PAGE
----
Thursday, August 10, 2017
I was chatting today with one of our conference registrants about larger versus smaller conferences. I understand their concerns.
They were concerned because our conference will have fewer than 1000 attenders. Big conferences offer the offer to meet LOTS of people and by corollary, small conferences do not.
Clearly the reason that there are lots of people at large conferences is because lots of people think that bigger is better. Better to be where all the people are.
In the medical laboratory arena, many of the conferences of interest exceed 20,000 attendees. They are held in the few cities that facilities to host these events. The conference rooms are designed to hold thousands beyond thousands. While you may hear a “world famous” person speak as a key-note, the reality is that you will see them only on a large television screen.
More annoyingly for the lesser sessions for people and presentations of interest, the room may hold a couple hundred seats, but if a couple thousand have similar interest, the odds are you either don’t get in, or you are stuffed at the back in the standing room only. And as for connecting in the evenings, most people will be scattered through 5 or 6 or 10 hotels. So you will probably eating lunches and dinners with the same folks you attended with.
And here’s a reality check. Meeting with speakers and having an opportunity to discuss some fine points, is NOT going to happen. The reality is that there probably will be sufficient time for 2 or 4 people to ask a question from the floor, but odds are (by sheer numbers) is that your question will NOT be one that gets addressed.
You might get a chance to buy a copy of their presentation on tape (remember those?) or one disk, or by streaming video off their conference website, but that you could have done at home, without the cost of travel and attendance.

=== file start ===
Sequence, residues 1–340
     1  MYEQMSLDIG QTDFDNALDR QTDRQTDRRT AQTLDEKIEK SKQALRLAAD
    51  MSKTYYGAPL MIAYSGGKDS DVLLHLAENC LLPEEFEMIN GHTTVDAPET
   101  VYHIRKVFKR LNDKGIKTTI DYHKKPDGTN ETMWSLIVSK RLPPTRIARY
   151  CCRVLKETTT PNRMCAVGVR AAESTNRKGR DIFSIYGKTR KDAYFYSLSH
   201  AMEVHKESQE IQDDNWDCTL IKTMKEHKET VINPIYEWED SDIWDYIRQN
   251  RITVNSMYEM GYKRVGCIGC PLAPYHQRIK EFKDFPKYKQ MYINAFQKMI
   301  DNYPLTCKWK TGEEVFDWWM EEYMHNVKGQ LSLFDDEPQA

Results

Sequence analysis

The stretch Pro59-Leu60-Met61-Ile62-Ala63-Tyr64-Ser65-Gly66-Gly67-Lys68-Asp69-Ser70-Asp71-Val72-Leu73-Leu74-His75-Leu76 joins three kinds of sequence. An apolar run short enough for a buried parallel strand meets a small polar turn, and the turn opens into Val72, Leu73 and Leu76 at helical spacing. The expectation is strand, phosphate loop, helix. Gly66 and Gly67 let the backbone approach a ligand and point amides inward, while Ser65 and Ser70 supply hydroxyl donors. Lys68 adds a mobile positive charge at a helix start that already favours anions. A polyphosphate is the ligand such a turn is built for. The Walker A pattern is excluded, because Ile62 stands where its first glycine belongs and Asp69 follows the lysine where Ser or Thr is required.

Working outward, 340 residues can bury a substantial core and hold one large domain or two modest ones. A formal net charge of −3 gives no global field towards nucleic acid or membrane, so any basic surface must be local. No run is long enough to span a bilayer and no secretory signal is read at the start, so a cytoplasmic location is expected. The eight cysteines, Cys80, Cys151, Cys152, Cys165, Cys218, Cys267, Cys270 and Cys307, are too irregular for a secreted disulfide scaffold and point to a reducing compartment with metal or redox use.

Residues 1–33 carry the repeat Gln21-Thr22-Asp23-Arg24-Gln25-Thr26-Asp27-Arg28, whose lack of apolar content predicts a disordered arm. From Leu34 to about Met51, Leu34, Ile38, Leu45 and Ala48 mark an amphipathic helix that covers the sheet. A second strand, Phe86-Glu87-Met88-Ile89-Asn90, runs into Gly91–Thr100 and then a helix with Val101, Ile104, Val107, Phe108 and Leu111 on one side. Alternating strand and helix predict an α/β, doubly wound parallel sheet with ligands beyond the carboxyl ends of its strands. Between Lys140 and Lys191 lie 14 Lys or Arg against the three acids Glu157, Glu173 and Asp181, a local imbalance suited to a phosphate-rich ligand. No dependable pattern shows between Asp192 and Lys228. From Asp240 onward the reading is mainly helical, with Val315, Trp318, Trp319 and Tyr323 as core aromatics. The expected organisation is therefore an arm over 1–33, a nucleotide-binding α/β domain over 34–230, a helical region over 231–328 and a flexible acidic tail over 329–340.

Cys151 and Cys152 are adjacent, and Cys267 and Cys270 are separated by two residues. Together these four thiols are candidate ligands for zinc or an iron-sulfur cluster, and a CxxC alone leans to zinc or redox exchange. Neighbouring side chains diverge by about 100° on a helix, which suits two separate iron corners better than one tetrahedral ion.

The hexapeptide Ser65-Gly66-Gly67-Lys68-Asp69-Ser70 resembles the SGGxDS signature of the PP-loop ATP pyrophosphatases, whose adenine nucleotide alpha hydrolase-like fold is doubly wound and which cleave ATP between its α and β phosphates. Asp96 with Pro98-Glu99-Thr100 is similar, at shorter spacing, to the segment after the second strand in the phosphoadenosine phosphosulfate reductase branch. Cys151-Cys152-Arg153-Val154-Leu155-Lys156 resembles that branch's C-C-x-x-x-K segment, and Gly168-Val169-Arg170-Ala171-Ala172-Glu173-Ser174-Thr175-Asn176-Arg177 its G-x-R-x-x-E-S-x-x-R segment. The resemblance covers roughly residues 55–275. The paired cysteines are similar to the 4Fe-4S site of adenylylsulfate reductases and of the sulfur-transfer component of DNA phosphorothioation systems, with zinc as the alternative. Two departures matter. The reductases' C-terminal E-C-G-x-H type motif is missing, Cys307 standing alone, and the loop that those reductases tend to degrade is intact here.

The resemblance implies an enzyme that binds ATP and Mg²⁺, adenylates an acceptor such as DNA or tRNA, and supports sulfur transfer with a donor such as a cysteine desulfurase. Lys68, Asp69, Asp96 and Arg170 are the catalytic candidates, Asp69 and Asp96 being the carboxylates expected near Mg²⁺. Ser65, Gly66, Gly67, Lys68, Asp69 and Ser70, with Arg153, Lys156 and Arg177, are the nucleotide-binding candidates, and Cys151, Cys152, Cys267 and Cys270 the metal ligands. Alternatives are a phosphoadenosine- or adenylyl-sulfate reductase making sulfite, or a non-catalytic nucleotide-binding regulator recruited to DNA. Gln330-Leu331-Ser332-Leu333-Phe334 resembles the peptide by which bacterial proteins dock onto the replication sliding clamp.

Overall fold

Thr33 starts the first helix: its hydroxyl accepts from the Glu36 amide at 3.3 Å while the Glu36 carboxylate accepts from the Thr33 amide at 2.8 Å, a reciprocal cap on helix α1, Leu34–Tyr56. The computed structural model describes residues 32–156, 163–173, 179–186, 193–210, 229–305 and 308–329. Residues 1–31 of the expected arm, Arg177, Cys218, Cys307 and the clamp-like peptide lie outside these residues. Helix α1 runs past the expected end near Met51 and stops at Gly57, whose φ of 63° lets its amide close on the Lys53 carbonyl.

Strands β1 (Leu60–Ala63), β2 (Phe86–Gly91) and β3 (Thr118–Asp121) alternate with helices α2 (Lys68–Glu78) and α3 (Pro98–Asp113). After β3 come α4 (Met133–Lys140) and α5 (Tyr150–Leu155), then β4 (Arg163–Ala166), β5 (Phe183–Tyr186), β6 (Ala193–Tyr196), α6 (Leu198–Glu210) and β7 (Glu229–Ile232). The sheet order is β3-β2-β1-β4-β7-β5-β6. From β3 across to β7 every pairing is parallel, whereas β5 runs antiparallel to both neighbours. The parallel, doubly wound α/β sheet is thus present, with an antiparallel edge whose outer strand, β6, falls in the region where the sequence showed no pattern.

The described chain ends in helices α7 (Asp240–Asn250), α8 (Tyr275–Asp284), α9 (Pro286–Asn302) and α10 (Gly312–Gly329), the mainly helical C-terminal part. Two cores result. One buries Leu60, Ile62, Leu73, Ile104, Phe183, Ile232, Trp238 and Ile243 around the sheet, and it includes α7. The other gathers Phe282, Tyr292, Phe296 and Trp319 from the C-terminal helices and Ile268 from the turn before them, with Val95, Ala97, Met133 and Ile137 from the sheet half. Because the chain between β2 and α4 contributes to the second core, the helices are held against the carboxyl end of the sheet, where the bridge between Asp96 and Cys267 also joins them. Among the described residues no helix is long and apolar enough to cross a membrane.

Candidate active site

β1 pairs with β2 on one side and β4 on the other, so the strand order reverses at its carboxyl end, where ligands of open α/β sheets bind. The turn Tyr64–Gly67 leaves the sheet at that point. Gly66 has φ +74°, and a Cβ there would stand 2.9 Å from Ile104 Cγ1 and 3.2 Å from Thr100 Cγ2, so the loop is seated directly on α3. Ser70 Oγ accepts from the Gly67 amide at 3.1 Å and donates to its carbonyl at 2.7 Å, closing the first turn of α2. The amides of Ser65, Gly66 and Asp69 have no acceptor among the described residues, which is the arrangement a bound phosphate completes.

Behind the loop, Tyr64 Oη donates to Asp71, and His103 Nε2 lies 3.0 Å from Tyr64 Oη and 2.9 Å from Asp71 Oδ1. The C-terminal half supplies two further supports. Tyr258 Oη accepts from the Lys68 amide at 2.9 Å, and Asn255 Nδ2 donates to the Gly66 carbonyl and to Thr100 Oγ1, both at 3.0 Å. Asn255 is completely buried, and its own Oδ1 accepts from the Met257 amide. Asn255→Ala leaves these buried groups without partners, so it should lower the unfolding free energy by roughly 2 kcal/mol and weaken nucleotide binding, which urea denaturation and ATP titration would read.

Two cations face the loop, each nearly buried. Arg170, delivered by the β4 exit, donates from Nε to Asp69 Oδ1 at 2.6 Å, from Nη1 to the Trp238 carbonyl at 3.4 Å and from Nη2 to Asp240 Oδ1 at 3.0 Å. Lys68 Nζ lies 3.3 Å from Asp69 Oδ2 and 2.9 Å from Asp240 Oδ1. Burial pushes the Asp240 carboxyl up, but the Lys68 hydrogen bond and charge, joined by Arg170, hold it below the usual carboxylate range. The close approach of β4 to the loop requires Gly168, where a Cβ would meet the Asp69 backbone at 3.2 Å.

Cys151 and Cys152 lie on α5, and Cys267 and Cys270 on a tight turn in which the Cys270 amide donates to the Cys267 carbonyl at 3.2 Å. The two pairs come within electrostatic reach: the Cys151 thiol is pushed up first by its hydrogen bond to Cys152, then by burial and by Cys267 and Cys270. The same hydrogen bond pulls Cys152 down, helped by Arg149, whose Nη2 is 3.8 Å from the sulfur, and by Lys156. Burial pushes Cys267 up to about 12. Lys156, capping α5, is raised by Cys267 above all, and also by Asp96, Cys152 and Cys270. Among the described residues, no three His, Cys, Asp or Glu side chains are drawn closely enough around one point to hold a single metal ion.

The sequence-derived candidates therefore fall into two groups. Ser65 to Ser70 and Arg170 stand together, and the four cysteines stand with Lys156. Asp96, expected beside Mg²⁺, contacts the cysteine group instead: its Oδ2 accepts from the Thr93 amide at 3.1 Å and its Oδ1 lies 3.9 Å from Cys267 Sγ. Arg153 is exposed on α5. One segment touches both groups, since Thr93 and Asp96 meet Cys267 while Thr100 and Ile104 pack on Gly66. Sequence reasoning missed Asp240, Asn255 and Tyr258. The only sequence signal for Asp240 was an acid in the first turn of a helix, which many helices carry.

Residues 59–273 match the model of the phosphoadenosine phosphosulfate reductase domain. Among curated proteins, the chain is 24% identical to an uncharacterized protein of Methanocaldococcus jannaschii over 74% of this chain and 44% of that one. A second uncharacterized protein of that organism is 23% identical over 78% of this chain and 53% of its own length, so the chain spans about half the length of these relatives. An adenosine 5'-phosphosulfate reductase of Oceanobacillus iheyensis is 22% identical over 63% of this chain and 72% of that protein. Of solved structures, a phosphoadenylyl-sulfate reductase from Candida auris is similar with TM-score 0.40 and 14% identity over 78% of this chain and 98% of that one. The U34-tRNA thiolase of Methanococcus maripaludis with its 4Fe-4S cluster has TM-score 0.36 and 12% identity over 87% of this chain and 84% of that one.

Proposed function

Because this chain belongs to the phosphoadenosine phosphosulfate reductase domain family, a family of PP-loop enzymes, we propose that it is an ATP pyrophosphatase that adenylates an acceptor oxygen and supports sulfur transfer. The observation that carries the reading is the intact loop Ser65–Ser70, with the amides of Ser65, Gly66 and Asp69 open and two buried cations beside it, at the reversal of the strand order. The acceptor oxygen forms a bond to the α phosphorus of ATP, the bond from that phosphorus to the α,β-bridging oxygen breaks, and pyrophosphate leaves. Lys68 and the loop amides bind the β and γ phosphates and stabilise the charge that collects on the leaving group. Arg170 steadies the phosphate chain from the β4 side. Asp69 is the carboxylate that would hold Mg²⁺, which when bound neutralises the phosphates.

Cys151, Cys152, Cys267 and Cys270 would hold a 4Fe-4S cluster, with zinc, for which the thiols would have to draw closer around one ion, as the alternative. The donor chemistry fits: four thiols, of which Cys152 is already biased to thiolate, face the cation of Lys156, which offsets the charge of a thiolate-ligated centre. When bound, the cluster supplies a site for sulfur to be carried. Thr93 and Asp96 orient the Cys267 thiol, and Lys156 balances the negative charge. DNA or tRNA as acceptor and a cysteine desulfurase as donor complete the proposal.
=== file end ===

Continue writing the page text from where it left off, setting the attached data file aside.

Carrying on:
One thing that you can definitely do in a large conference is get your poster on a poster board, along with a couple other thousand. You might even get few people to stop and read it, but probably not. Most of the traffic in the poster area is other people with posters, who are checking out the competition, or are people who are bored and doing the “poster wander” which means they look at the board, and maybe stop for 7 seconds with a blank stare and walk on. Some will ask a banal or convoluted question which is best translated is “your stuff is crap and my work is so much more insightful”.
But on the positive side you did get a citation for your abstract.
Smaller conferences are by every measure better.
Take our upcoming Program Office for Laboratory Quality Management Conference on “Medical Laboratory Quality in Challenging Times. [see: http://conference.polqm.ca ]
The conference is being held in Vancouver BC, but NOT in the mega conference centre. The Paetzold Education Centre is right sized for a few hundred attendees. We may not have any former Presidents like Bill or Barack, but the speakers, when it comes to laboratory quality are by every measure world class and expertly share tons of interesting, relevant, and skillfully crafted information. And you can actually meet them and talk and discuss with them. Probably get a chance to take a selfie and maybe get an autograph or two (!). Might even find the opportunities of common interest to later pursue.
Rather than being part of an audience, you actually have the opportunity to be part of the discussion and debate.
And when you present your poster, there is less competition and a lot more interest, and you still get your citation.
When the smoke clears and the conference is over, you have some new friends (maybe) some new colleagues (probably) and a whole bunch of new insights and ideas (absolute certainty).